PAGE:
PORSCHE: THE 917 DELIVERS
Should we be surprised or even
concerned that Porsche didn’t win
either of the 2017 FIA World Endurance
Championship’s opening races with a
fourth-year iteration of its 919 Hybrid?
Neither of the above – but
definitely intrigued by its tactics.
The 2017 WEC regulations allow an
LMP1 manufacturer to homologate
just two aero kits – as in, a low-downforce, low-drag kit for high-speed
Le Mans and a higher-downforce
version for the six-hour “sprints”
making up the rest of the calendar.
Porsche has chosen to delay
homologation of the latter until after
Le Mans, meaning it raced at Silvertone
and Spa with its low-downforce aero kit
– the aero equivalent of at least a finger,
if not a full hand tied behind its back.
So, it won’t be until the Le Mans test
day that we’ll see the 919s in a spec
optimized for the track they’re on.
Will the 2015- and ’16-winning
machine be a match for Toyota’s
TS050? Car vs. car, perhaps not, based
on the maturity of the 919 package and
the diminishing returns that Porsche is
seeing from its ongoing hybrid-system
development. But team vs. team –
that’s another matter entirely.
Porsche knows how to win Le Mans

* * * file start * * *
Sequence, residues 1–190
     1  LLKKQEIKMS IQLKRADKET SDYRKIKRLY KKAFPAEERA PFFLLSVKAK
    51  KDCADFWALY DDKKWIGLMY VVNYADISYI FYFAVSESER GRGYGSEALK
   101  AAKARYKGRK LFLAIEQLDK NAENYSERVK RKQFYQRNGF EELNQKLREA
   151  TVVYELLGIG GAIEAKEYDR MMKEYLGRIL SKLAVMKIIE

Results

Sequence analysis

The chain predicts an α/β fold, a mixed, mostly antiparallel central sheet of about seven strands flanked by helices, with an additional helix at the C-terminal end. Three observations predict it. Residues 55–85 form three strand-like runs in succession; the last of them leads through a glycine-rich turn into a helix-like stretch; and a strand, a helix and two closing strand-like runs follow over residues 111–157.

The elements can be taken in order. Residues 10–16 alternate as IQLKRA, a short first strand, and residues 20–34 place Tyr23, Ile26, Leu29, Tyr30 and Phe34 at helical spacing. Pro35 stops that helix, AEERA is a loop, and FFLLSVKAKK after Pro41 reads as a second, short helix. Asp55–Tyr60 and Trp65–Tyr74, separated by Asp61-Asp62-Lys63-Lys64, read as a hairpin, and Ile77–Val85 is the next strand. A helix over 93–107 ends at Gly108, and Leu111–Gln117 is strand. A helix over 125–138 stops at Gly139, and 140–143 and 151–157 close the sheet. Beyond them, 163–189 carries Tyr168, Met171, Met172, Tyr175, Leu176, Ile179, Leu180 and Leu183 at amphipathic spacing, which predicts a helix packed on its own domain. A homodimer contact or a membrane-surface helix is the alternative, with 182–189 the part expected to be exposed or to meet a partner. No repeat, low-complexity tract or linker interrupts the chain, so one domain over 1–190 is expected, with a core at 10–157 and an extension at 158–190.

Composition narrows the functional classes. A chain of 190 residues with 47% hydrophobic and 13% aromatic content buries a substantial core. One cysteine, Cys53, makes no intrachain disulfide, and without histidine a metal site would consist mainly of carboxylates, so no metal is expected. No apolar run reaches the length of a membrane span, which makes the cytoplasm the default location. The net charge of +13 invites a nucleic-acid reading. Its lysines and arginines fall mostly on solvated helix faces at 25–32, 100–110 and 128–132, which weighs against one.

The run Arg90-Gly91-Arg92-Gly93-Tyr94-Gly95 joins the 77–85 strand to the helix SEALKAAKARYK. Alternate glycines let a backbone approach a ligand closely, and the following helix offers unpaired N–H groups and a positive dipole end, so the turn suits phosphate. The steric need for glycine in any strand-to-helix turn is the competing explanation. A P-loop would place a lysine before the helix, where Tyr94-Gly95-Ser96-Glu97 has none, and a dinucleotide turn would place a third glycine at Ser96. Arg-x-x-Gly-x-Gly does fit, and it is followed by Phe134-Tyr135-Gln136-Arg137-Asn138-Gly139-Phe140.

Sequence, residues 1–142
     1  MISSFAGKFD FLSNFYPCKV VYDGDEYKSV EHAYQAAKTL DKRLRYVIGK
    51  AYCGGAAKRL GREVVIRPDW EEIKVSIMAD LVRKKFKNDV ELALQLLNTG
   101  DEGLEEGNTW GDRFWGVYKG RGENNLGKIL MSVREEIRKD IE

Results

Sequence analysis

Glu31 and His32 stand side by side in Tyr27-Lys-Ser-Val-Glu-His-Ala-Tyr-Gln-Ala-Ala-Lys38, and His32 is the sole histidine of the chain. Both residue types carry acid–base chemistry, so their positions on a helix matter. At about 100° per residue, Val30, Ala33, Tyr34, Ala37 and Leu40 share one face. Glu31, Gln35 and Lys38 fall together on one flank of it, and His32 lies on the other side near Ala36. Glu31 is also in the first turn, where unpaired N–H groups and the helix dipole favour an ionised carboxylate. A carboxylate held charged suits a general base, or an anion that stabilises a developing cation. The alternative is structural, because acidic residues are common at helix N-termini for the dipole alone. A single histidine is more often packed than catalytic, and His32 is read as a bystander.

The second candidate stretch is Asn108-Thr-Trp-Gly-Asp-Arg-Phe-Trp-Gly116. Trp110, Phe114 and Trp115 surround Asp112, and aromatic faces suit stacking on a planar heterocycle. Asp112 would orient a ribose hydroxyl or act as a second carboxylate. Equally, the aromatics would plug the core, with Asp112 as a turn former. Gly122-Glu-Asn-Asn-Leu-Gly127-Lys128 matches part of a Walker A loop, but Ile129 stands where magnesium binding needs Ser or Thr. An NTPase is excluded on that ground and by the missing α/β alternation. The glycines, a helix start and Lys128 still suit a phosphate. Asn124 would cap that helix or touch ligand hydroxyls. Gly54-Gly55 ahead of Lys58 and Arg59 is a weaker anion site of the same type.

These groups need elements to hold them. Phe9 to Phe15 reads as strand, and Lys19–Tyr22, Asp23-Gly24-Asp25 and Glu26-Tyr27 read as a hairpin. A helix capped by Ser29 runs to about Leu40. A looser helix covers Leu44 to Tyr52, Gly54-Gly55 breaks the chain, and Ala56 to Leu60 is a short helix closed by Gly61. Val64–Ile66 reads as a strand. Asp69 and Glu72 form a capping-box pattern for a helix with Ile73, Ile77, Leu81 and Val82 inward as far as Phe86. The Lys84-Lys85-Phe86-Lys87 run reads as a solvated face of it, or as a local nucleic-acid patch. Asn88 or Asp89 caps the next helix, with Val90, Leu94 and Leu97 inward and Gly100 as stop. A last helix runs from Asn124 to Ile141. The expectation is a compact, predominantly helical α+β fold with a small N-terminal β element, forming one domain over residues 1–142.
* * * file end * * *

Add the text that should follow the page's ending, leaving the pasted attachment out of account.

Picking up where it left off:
– 18 times and counting – and how to
react in any given situation. Despite
having only two cars to Toyota’s three,
and despite the possibility they’ll be
starting the race from fourth and fifth,
don’t rule the Stuttgart marque out.
It will be in the frame as the clock
approaches 3pm on Sunday, June 18.
But whether that’s nipping at the
heels of a TS050, or serenely ticking
off the miles to win number 19, that
perhaps depends more on Toyota.
Porsche’s 919 is into season four of its
competition life. It ran in Le Mans spec
(ABOVE) in the opening two WEC races.
PROS & CONS
Wyer’s team had been contracted
to run a trio of factory 917Ks (two with
larger, 4.9-liter engines), having been
instrumental in its development, but
Porsche hedged its bets with a K going
to the factory-blessed Porsche Salzburg
team. In hindsight, a wise move...
JWA’s 4.9-liter cars qualified third and
fifth and Porsche Salzburg’s 4.5-liter K
was down in 15th, with Attwood and
Hans Herrmann sharing driving duties.
With a 917L on the pole and Ferrari in the
mix, too, it was shaping up to be a classic.
But heavy rain and heavy attrition took
care of most of the favorites before the
night was over, including every factory
Ferrari and all three JWA 917Ks.
As dawn broke, the Porsche Salzburg
917K was leading, followed by two – soon
to be one – of the L versions. With only
the weather to contend with, Attwood
and Herrmann cruised to the finish and
Porsche’s first outright Le Mans win.
So far, 17 more have followed...
Steve McQueen’s labor of love was filmed at the
’ 70 race – and several months after. McQueen’s
Michael Delaney drove the No. 20 JWA 917K.
“LE MANS,” THE MOVIE